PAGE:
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Houston, TX, United States

Younes A.,515 Holcombe Boulevard | Samad N.,515 Holcombe Boulevard
Oncologist | Year: 2011

The mammalian target of rapamycin (mTOR) is an in-tracellular serine/threonine kinase that exists as a downstream component of numerous signaling pathways. The activation of mTOR results in the production of proteins involved in cell metabolism, growth, proliferation, and angiogenesis. Aberrant activation of mTOR signaling has been identified in a number of cancers, and targeted inhibition of mTOR has been successful in achieving tumor responses, prolonging progression-free survival, and increasing overall survival in various oncologic patient populations. In particular, persistent activation of mTOR signaling has been identified in cell lines and patient samples with leukemias, Hodgkin's lymphoma (HL), non-Hodgkin's lymphoma (NHL), multiple myeloma (MM), and Waldenström's macroglobulinemia (WM). In vitro and preclinical studies using agents that inhibit mTOR signaling have demonstrated cytostatic and cytotoxic effects in these hematologic malignancies, suggesting that mTOR is a rational target for therapy in these disease states. In addition, the combination of mTOR inhibitors with traditional therapies may help to overcome the development of resistance and may improve response rates over those seen with established regimens through synergistic or additive effects. Inhibitors of mTOR signaling currently are being investigated in clinical trials of hematologic malignancies as single agents and as components of combination regimens. Thus far, promising results have been seen with the application of mTOR inhibitors as single agents in patients with relapsed or refractory leukemia, HL, NHL, MM, and WM. © AlphaMed Press.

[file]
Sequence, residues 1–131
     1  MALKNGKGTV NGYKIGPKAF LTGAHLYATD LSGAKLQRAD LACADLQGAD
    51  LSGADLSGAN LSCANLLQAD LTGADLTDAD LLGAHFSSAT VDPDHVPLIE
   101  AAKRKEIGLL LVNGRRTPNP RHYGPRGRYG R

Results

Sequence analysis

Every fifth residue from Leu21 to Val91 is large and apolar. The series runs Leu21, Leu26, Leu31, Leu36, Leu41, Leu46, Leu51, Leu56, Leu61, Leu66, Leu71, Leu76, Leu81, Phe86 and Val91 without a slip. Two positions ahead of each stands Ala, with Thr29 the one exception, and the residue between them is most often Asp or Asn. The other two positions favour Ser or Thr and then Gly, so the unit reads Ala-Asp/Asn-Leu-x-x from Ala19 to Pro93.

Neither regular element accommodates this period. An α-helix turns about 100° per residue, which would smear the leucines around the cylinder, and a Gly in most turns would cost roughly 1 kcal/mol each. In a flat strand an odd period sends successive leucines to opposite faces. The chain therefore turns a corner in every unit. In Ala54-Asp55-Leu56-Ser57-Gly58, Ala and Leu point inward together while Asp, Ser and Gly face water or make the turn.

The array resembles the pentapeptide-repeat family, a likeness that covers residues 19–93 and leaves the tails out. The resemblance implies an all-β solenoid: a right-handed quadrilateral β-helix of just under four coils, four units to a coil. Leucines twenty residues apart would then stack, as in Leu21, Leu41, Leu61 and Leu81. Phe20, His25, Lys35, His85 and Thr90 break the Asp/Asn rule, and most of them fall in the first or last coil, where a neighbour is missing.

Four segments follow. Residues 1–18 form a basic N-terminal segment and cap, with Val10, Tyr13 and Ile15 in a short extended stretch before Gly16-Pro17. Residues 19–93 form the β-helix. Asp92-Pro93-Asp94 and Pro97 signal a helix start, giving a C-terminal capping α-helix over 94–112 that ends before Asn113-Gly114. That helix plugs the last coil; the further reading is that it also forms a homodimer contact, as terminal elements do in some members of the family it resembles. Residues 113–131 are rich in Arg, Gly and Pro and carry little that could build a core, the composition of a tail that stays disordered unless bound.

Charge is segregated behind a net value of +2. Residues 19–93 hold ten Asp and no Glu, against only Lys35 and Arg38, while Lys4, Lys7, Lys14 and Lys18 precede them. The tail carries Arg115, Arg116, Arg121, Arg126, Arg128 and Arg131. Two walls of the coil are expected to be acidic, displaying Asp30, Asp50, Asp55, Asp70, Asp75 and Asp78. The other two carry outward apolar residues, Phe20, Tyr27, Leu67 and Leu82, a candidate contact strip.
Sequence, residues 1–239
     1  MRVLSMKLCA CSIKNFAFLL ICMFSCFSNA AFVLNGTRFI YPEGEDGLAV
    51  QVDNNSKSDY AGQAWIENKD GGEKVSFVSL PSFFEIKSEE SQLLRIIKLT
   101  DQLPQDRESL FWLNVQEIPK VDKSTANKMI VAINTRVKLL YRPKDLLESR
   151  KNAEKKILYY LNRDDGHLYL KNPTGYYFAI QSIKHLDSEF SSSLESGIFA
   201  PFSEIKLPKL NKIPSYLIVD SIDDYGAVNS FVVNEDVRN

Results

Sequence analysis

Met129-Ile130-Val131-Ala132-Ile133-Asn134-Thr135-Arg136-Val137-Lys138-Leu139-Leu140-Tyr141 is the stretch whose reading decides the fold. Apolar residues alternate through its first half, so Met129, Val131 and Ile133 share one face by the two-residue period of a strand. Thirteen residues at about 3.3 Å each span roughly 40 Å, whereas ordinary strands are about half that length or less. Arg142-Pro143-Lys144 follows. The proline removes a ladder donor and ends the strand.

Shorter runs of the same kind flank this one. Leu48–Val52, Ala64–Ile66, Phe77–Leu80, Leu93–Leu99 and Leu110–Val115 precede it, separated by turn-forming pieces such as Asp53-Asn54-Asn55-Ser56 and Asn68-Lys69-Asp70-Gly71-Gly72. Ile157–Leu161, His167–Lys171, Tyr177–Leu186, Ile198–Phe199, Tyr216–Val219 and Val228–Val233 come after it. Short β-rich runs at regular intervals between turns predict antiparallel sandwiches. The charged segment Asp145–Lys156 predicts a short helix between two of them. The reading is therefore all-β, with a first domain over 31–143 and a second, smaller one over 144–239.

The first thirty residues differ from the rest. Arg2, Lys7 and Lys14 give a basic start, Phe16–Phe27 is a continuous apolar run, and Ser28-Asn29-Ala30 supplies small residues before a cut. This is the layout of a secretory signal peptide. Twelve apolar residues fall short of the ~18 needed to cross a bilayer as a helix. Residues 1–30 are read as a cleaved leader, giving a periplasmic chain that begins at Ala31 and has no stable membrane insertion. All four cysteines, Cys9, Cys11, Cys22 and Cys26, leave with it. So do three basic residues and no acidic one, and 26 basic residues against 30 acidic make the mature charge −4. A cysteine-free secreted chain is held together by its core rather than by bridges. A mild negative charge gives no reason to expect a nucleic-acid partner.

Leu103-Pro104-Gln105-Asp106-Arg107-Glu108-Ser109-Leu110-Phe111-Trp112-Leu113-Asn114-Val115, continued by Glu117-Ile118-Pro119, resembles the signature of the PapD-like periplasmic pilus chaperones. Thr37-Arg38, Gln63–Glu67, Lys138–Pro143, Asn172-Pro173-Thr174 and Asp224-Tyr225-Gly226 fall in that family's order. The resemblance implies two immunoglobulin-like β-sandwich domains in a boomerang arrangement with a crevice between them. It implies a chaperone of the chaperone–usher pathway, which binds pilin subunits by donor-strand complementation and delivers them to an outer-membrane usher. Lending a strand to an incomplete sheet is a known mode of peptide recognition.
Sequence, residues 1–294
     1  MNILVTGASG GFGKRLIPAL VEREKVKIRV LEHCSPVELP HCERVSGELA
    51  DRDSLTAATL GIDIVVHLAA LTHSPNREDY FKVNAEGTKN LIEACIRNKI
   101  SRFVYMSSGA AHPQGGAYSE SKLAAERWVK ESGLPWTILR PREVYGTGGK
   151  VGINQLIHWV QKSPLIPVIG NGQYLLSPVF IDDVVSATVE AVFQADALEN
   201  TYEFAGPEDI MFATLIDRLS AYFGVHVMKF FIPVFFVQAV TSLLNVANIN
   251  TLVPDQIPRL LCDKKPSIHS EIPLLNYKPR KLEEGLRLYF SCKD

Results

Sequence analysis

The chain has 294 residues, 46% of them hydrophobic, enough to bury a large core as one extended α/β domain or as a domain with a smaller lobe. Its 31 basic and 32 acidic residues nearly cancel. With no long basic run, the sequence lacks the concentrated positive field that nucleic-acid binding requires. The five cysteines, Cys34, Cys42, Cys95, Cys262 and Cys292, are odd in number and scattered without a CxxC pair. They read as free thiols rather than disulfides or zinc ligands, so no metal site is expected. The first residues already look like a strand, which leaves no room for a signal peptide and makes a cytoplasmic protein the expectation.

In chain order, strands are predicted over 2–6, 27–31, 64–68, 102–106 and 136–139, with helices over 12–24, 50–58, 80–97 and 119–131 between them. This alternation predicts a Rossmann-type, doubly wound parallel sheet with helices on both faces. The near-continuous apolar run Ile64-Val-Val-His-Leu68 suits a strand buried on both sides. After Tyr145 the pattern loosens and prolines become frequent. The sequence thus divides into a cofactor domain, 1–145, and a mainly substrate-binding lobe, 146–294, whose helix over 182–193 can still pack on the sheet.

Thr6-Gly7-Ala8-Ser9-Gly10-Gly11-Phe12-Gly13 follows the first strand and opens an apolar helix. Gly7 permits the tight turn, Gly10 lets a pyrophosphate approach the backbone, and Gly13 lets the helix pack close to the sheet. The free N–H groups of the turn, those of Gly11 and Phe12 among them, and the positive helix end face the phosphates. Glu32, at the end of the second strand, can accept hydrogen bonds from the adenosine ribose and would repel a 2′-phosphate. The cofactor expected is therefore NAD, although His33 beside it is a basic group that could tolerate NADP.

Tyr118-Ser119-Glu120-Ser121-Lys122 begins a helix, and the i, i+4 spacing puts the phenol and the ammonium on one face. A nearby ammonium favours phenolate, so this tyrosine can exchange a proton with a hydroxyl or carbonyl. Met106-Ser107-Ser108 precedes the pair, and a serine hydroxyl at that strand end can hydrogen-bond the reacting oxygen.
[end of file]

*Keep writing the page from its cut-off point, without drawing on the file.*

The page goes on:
Wang W.,515 Holcombe Boulevard | Xiao Z.-D.,515 Holcombe Boulevard | Li X.,515 Holcombe Boulevard | Aziz K.E.,515 Holcombe Boulevard | And 4 more authors.
Nature Cell Biology | Year: 2015

The Hippo pathway was discovered as a conserved tumour suppressor pathway restricting cell proliferation and apoptosis. However, the upstream signals that regulate the Hippo pathway in the context of organ size control and cancer prevention are largely unknown. Here, we report that glucose, the ubiquitous energy source used for ATP generation, regulates the Hippo pathway downstream effector YAP. We show that both the Hippo pathway and AMP-activated protein kinase (AMPK) were activated during glucose starvation, resulting in phosphorylation of YAP and contributing to its inactivation. We also identified glucose-transporter 3 (GLUT3) as a YAP-regulated gene involved in glucose metabolism. Together, these results demonstrate that glucose-mediated energy homeostasis is an upstream event involved in regulation of the Hippo pathway and, potentially, an oncogenic function of YAP in promoting glycolysis, thereby providing an exciting link between glucose metabolism and the Hippo pathway in tissue maintenance and cancer prevention. © 2015 Macmillan Publishers Limited.

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